Defined as communities in which an institution of higher education has a significant presence, college towns vary widely in size, location, and economic vitality. Examples include Champaign-Urbana, Ill., State College, Pa., Auburn, Ala., and Grinnell, Iowa. By some measures, Massachusetts alone has over a hundred such villages, towns and cities. What college towns have in common is their heavy reliance on a single industry — higher education.
In the past, that reliance has served college towns well. Despite the closure of some colleges and universities in recent years, higher education has been remarkably resilient over the long run. Colleges and universities, ours among them, are among the country’s oldest continuously operating institutions. These public and private institutions draw hundreds of thousands of students every year, along with parents and visitors, sometimes doubling the resident population for at least nine months. All these new arrivals spend money in local stores, restaurants, and hotels. In Blacksburg, Va., over half the local economy depends on Virginia Tech, and football games attract 400,000-500,000 visitors each fall.
Colleges and universities provide steady employment for faculty and staff, who buy homes in the area, enroll their children in local schools, and contribute to local tax rolls. Although tax exempt themselves, a substantial number of colleges and universities make annual contributions to their local municipalities. Most important, perhaps, unlike other small or large-scale enterprises, colleges and universities cannot pick up and move to another location.
Their economic activity has tended to insulate college towns from the swings of the business cycle. But the pandemic has turned this dynamic upside down. Almost overnight, colleges closed their doors, sent their students home, suspended construction projects, and cancelled sporting events, graduations, and reunions — at enormous cost not only to the colleges themselves but to their home communities. Canceling commencement cost South Bend, Ind., home of Notre Dame, about $17 million in lost revenue.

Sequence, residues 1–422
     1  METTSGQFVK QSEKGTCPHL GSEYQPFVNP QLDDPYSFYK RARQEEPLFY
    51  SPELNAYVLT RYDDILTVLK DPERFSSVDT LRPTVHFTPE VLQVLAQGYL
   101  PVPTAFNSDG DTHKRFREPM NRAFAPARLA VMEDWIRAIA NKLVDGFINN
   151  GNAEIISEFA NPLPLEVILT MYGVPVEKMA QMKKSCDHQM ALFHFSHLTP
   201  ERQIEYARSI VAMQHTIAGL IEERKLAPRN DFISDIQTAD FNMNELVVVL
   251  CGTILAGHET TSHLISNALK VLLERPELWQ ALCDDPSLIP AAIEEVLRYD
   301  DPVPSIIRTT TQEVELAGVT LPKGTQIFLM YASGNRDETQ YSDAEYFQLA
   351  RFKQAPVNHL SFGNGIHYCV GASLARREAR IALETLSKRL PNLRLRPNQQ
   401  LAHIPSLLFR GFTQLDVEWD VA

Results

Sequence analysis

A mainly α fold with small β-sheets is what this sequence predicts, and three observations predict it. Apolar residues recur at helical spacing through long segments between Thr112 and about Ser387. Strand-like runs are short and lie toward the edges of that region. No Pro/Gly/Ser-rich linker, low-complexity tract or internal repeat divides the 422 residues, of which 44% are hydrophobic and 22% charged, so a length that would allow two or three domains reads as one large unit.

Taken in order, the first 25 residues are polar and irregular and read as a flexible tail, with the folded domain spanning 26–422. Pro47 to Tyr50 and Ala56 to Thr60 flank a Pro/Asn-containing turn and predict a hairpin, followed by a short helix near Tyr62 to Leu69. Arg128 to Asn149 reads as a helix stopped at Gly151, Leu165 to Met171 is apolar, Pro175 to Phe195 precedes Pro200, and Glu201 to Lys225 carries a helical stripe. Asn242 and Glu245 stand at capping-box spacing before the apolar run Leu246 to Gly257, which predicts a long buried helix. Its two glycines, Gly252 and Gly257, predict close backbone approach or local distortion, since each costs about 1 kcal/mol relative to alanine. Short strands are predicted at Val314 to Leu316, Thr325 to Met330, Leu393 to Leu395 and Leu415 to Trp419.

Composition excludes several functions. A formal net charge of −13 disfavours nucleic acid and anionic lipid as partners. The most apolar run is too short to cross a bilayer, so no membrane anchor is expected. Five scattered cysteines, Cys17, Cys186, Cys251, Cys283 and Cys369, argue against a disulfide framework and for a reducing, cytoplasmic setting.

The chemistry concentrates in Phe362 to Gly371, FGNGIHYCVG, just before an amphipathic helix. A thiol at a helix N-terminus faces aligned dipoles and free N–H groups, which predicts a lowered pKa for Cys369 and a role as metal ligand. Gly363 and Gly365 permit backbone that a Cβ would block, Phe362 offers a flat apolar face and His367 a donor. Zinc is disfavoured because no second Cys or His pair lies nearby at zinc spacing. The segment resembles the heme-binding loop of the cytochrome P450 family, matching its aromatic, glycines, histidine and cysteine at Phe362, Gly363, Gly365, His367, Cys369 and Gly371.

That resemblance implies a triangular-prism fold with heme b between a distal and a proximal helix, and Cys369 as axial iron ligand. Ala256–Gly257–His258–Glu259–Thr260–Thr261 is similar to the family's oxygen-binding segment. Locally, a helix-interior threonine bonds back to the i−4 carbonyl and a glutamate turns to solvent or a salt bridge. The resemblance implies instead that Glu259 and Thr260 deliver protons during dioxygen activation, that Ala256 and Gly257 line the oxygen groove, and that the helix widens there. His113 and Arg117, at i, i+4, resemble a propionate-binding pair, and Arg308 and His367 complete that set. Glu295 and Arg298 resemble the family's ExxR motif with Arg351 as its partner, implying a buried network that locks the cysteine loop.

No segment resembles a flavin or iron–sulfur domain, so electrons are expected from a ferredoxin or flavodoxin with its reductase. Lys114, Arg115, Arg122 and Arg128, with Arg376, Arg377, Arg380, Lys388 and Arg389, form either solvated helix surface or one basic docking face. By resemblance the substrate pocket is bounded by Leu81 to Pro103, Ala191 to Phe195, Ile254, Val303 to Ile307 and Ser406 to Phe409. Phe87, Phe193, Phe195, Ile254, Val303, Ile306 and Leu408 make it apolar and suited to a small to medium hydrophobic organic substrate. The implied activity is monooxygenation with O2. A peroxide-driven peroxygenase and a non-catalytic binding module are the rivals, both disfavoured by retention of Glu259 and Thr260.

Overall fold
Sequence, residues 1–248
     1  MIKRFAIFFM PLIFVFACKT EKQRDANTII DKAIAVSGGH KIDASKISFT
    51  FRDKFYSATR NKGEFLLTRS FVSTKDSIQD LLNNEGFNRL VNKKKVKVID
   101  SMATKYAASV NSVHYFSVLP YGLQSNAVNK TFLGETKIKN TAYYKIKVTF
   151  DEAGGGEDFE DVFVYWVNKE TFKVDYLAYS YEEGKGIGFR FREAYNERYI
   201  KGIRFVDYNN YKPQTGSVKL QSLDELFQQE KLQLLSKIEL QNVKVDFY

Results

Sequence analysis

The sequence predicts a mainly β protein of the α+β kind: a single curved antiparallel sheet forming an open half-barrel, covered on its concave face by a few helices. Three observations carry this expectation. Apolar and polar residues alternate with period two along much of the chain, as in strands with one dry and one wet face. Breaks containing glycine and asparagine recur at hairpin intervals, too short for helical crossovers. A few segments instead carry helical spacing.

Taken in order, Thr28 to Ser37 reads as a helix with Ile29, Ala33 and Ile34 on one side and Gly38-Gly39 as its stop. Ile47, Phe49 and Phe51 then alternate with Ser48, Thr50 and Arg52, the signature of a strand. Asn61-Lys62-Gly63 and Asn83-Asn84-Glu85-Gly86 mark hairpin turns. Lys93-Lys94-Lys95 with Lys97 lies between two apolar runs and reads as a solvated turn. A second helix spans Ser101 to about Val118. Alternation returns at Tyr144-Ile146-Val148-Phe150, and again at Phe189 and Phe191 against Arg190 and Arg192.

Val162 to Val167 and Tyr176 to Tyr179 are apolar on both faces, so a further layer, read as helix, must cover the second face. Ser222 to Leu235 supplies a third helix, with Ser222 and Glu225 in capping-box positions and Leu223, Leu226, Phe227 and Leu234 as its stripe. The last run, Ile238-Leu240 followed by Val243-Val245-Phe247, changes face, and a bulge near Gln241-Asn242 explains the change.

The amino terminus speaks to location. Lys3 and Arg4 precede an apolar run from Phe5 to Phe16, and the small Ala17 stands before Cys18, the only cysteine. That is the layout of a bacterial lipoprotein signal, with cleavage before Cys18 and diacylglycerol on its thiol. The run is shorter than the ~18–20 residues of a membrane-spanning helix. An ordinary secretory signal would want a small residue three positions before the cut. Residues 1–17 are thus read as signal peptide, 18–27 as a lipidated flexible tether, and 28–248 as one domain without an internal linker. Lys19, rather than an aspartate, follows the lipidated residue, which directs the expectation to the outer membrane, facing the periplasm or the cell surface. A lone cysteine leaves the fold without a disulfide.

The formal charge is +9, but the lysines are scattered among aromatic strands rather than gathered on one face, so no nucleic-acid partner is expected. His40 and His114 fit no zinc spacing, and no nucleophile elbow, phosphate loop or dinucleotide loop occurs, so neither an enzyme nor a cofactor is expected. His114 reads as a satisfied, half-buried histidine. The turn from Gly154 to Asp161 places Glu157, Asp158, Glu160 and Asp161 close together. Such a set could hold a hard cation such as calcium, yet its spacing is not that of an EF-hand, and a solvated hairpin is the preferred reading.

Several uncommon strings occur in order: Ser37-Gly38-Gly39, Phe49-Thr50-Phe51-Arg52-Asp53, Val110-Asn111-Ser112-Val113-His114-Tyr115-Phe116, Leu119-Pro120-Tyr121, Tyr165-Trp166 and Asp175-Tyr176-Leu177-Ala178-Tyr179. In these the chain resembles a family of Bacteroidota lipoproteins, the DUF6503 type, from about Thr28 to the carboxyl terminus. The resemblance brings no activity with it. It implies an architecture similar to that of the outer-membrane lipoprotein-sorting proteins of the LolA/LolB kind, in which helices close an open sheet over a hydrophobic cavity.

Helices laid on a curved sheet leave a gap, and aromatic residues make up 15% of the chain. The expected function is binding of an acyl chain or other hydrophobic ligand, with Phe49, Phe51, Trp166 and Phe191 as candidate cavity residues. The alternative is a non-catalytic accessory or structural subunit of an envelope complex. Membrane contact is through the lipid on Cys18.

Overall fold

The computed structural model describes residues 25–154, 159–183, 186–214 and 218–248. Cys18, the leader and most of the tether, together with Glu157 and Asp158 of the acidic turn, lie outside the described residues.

As Svante Myrick, the Mayor of Ithaca, N.Y., home to Ithaca College and Cornell University, notes, the pandemic has been “devastating for cities everywhere, but especially for college towns — because they have a much higher percentage of tax-exempt property.” Businesses have closed and sales tax revenues have plunged. As a result, Myrick told us he anticipates a $15 million revenue shortfall in 2020, roughly 25 percent of its budget. The city has already furloughed 97 employees — almost a quarter of its workforce — and froze hiring and salary increases. Myrick said he’s donating 10 percent of his salary back to the city.
The Village of Clinton, N.Y., home to Hamilton College, collected most of its taxes for the fiscal year before the pandemic hit, but for the coming year Mayor Steve Bellona told us he anticipates a loss of state municipal aid, a 25 percent drop in sales tax revenues, and a drop in user fees for the sewer system, "creating a deficit equal to roughly 12 percent of the village’s annual general and sewer budgets."
These deficits far exceed those created by the Great Recession. Ithaca’s projected shortfall, for example, is now five times what it was in 2009-10, at the time the largest deficit in the city’s history. Other municipalities may have the luxury of raising property taxes to make up for a loss of sales taxes and other revenues, but much of the property in college towns is college-owned and therefore tax exempt. Facing their own large deficits, colleges — and state governments — are unlikely to do much to help.
Ironically, the very thing that insulated college towns in past recessions — the share of their economies dependent on higher education — has rendered them more vulnerable than most communities to the economic impact of the pandemic. If colleges and universities do not bring students back this fall, there is, in Mayor Myrick’s words, “no telling how bad this will get.” More layoffs and steep cuts in services would be inevitable, delivering a body blow to the colleges as well as the college towns.
College towns cannot dig themselves out of the financial crisis they now face. Colleges and universities have received some support from the federal government through the CARES Act. Without a CARES Act providing financial assistance to state and local governments, a significant number of college towns may well face bankruptcy, an outcome that could contribute to a second wave of unemployment and underconsumption throughout the nation.
Glenn C. Altschuler is the Thomas and Dorothy Litwin Professor of American Studies at Cornell University. He is the co-author (with Isaac Kramnick) of Cornell: A History, 1940-2015.
David Wippman is the President of Hamilton College.